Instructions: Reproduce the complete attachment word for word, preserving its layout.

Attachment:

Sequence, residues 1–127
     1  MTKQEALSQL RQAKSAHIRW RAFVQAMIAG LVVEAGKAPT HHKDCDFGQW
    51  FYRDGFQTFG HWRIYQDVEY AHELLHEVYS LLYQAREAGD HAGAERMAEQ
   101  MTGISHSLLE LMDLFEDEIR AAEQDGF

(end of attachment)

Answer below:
Sequence, residues 1–127
     1  MTKQEALSQL RQAKSAHIRW RAFVQAMIAG LVVEAGKAPT HHKDCDFGQW
    51  FYRDGFQTFG HWRIYQDVEY AHELLHEVYS LLYQAREAGD HAGAERMAEQ
   101  MTGISHSLLE LMDLFEDEIR AAEQDGF